You're Either with Us or Against Us
The FSF makes two sets of Free Software licensesone that's GPL-compatible, and one that's GPL-incompatible. This is an interesting spin, because most of the "GPL-incompatible" licenses are per-file, allowing you to combine them with code under any other license. The GPL places additional restrictions on the code, and therefore is incompatible. You can combine APSL, MPL, CDDL, Apache, and BSD-licensed code in the same project easily, but you can only combine one of these with GPLv2 code.
Even the Free Software Foundation can't manage to get it right. Version 3 of the LGPL, for example, is incompatible with version 2 of the GPL. This has caused a problem recently for a few GNU library projects that wanted to move to LGPLv3 but were used by other projects that were GPLv2-only.
The official stance is that projects shouldn't be v2-only, they should always be v2-or-later. I'll let you try to persuade Linux to switch. Oh, and good luck with PDF readers, too; the only open source PDF readers at the moment are based on xpdf, which is GPLv2-only. The FSF is frantically trying to write a new PDF library to get around this limitation, and licensing it as GPLv3-or-later.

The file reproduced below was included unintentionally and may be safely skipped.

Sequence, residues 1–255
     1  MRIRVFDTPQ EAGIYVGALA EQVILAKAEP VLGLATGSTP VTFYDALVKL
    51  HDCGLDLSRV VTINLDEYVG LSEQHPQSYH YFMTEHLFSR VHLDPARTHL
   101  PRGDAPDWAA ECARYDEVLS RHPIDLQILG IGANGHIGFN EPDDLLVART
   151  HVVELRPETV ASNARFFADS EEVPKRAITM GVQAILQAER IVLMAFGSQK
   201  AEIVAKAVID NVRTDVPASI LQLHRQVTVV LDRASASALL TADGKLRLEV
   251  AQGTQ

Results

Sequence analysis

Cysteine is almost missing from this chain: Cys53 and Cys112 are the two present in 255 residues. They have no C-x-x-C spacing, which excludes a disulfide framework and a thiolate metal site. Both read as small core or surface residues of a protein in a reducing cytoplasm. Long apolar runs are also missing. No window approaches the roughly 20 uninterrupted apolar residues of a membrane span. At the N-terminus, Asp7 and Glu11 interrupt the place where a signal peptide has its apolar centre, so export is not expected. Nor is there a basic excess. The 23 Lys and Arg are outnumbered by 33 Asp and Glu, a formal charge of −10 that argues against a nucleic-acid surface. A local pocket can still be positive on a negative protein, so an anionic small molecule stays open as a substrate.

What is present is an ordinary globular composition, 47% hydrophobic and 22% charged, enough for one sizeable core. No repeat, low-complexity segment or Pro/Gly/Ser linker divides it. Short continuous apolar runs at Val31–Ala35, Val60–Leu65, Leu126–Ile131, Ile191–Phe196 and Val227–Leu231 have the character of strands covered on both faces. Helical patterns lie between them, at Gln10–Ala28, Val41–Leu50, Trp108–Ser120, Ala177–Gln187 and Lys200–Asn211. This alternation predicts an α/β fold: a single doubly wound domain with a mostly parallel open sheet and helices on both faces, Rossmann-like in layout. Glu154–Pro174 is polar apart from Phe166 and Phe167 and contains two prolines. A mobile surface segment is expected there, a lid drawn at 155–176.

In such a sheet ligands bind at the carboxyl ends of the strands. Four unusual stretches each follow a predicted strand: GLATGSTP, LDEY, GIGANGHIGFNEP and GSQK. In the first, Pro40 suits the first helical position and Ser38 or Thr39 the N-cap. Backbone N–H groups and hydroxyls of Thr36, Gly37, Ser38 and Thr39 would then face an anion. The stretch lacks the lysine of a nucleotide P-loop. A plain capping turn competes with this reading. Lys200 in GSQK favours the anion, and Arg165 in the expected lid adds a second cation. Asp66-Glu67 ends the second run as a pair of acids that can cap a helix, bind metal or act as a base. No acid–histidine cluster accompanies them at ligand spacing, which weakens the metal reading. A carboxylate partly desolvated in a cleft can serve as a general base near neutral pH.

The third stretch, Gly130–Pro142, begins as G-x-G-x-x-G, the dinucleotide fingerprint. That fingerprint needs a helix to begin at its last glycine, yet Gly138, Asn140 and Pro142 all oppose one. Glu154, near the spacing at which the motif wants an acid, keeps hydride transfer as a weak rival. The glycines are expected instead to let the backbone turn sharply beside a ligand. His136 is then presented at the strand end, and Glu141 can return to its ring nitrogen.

This attitude is understandable. Richard Stallman believes that writing proprietary software is antisocial. Unfortunately, this mentality leads to lost opportunities. The GPL doesn't give you the choice of writing some proprietary software and contributing it to Free Software. If you want to use some GPL'd code, you have to GPL your entire project (which is sometimes impossible due to third-party requirements).
This is where the FSF and I have a fundamental philosophical disagreement. I believe that the community benefits when the amount of Free Software increases. The FSF believes that the community is harmed when the amount of proprietary software increases, and that making it easier to write a proprietary application is a bad thing, even when the side-effect is that the developers improve some Free Software.